Blogging & Campaign Finance Law: A Simple (Probably Too Simple!) Solution

by on May 3, 2005 · 2 comments

[[cross-posted from the PFF blog]]

I want to say a few words about this debate over the application of campaign finance regulations to the Internet and Web blogs in particular, but let me just start by admitting that I’m not an expert on campaign finance law. In fact, I am utterly mystified by this entire body of law, not only in terms of its sheer complexity, but also in terms of what it sometimes hopes to accomplish.

I understand that (at least in theory) the laws are suppose to eliminate “corruption” from our political process. But is it just me or is it not that case that campaign finance laws continue to get more complicated while the political process remains just about as “corrupt” as it has always been?

Well, maybe I’m just a cynic about the political process in general. So, let me instead just focus on all this from the perspective of a guy who cares about new media. The current batch of campaign finance regulations is really geared toward broadcasting and broadcast television in particular. But, as of late, the folks down at the Federal Election Commission (FEC) have discovered this thing called the Internet and this new craze called blogging just might have a little impact on the future of media in this country and, therefore, by extension, our political process.


It wasn’t surprisingly, therefore, when the FEC initiated an investigation into the impact of the Net and blogging on campaign finance law and started asking how the law might need to be changed to accommodate our new media marketplace realities.

Needless to say, that sent a collective shudder down the spines of everyone in the blogosphere. And with good reason: Why in the world would we want to impose heavy-handed, broadcast-era speech controls on the most dynamic, democratic, egalitarian medium that had ever been devised? The whole theory behind much of campaign finance law is that tight controls on electioneering communications are needed because of the power of broadcasting in our republic. Specifically, they feared that absent regulation, a handful of interests could buy up all the advertising time on broadcast TV or radio, or unduly influence many programs on the air. So, we ended up with tight spending limits, myriad disclosure requirements, and a number of other regulations on political speech, all in the name of curbing “corruption.”

But does any of this make any sense in the Internet era? Think about it, is there really any chance that any individual, political party, or special interest group could ever buy up all the ad time on the Net? Of course not. They couldn’t even buy up one-tenth of 1 percent of it all.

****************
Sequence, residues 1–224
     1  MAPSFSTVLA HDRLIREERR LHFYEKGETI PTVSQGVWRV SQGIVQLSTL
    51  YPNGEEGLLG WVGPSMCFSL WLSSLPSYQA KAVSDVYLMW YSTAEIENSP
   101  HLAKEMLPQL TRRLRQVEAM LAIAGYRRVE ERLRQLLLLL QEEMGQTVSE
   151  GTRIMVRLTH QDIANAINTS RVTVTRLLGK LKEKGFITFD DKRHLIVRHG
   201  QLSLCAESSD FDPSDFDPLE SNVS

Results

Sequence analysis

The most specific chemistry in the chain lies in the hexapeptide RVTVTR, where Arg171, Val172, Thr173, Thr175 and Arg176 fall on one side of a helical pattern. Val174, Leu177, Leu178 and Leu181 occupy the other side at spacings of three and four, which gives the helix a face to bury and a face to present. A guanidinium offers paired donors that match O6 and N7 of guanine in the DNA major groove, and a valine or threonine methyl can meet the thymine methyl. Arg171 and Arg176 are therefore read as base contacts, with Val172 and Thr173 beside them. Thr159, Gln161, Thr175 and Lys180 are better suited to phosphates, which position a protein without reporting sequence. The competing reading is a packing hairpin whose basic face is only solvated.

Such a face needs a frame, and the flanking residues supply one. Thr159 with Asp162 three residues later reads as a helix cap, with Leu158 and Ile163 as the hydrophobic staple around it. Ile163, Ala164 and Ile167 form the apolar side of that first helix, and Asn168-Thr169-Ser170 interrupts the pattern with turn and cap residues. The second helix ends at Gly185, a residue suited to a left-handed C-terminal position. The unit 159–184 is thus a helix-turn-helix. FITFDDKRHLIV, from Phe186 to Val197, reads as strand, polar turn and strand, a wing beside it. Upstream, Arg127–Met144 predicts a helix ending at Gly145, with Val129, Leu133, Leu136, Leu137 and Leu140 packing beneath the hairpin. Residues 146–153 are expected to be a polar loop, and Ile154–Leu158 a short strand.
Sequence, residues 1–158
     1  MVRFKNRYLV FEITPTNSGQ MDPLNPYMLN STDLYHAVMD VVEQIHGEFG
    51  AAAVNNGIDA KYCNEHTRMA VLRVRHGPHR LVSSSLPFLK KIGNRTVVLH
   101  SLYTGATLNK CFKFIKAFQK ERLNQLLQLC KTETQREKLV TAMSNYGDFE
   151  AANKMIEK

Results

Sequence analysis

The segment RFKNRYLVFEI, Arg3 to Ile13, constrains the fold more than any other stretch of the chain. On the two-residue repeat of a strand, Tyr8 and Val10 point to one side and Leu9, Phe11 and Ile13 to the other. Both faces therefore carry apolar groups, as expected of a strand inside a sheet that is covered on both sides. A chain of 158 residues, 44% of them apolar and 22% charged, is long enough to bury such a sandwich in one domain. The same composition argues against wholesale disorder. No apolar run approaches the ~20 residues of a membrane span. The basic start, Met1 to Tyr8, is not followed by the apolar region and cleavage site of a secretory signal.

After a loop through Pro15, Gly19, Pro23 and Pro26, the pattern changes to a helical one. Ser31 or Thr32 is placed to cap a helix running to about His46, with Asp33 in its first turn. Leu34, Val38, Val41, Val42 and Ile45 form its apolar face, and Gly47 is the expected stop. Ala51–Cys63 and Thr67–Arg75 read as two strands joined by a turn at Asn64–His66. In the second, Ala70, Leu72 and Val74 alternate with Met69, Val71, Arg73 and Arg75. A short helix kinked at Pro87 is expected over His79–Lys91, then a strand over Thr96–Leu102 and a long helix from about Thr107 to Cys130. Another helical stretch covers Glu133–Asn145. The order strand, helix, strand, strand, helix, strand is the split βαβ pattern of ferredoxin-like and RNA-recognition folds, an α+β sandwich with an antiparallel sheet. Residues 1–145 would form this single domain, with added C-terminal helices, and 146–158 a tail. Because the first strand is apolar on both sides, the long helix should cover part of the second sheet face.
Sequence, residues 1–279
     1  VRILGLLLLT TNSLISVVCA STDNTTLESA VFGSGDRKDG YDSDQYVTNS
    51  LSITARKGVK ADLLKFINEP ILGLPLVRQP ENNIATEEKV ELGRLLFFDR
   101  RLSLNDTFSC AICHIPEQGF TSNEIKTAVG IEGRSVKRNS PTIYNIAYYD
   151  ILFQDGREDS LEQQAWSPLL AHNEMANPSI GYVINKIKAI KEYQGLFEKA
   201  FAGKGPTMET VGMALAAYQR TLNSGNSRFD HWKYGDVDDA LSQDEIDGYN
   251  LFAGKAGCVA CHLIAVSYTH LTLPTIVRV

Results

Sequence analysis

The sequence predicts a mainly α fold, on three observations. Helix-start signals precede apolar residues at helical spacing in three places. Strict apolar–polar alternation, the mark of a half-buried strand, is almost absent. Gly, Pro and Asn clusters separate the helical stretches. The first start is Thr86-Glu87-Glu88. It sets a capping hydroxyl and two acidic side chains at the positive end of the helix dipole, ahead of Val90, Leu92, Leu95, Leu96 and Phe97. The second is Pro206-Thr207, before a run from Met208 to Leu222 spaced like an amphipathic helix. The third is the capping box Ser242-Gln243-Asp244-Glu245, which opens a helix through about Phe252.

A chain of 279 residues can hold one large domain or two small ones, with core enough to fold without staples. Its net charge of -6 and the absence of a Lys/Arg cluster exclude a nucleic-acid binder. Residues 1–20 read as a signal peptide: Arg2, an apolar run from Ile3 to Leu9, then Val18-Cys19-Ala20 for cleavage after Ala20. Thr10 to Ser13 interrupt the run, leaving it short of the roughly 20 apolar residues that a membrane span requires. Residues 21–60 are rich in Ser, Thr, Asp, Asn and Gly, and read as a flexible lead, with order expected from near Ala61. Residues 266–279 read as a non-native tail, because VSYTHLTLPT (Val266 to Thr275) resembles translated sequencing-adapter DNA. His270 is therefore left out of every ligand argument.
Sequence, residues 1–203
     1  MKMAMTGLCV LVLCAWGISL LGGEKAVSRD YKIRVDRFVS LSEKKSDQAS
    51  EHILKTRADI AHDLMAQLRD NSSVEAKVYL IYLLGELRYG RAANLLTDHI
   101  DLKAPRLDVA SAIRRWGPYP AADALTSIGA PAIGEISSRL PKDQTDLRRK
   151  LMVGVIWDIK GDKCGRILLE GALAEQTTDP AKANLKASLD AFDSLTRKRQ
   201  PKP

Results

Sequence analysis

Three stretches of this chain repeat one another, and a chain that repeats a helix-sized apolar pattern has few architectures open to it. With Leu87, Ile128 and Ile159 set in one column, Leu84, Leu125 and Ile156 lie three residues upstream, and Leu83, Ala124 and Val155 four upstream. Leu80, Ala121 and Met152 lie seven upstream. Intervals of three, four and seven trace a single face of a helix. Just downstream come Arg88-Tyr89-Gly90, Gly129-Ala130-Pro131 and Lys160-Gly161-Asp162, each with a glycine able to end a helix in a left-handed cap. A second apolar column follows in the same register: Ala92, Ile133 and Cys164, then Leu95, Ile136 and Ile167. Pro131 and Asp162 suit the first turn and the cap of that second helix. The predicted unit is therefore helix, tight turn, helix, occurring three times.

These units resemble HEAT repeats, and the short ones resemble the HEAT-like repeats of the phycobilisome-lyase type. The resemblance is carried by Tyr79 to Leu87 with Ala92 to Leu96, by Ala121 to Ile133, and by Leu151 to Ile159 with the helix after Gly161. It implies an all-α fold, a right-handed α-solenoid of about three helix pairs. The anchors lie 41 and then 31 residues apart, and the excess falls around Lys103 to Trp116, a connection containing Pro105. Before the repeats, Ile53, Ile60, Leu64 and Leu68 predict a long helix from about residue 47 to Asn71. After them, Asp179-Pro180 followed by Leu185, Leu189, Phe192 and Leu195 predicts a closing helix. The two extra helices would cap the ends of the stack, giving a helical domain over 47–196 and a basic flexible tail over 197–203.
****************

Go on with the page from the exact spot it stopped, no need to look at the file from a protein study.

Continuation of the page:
But the more important question is this: Could any individual, political party, or special interest group unduly influence the election process by paying bloggers or other website operators to write favorable things about a specific candidate or issue, especially without the public’s knowledge of that activity? I’m skeptical even that could happen. In our increasingly crowded blogosphere with its cacophony of voices, no one website or blog dominates the way a broadcaster might have dominated in a community in the past. After all, the “community” we’re talking about for the Internet is the entire globe! It would be pretty tough to “unduly influence” everyone on the planet when they have millions of other choices at their disposal. Moreover, even if some particularly popular blogs were being paid to drum up support for a given candidate, it’s very likely that others would eventually catch on and start asking them about their connections to a candidate, or even do some detective work and figure out who was really behind the effort. Just look at what the bloggers did to Dan Rather and CBS News and then ask yourself how long it will take a pack of them to get to the bottom of who controls various political websites that refuse to disclose their benefactor(s)!

Still, some will argue that at least some minimal disclosure requirements are needed to keep people honest and let everyone know who is funding a specific outlet. I suppose I can live with some minimal disclosure requirements, but that’s it. And, importantly, let’s place those requirements on the people who give the money instead of the websites who receive it. Those who write the big checks already have to file reports at the FEC, so they can disclose that info as part of their typical filing process. Let’s not place onerous filing burdens on bloggers or other website operators simply because somebody might have tossed a few bucks in their tip jar.

Luckily, as Brian Faler reports in today’s Washington Post, the FEC exercised a great deal of restraint in its initial decision on this front. Although I’m over-simplifying, the FEC basically said they are going to continue to exempt the Net and blogging from most of their campaign finance regs. Here’s one vote for keeping things that way.

  • Brett Bellmore

    “But is it just me or is it not that case that campaign finance laws continue to get more complicated while the political process remains just about as “corrupt” as it has always been?

    Well, maybe I’m just a cynic about the political process in general.”

    You’re not cynical enough. The purpose isn’t to suppress corruption, it’s to disadvantage challengers. And it’s working just fine.

  • Brett Bellmore

    “But is it just me or is it not that case that campaign finance laws continue to get more complicated while the political process remains just about as “corrupt” as it has always been?

    Well, maybe I’m just a cynic about the political process in general.”

    You’re not cynical enough. The purpose isn’t to suppress corruption, it’s to disadvantage challengers. And it’s working just fine.

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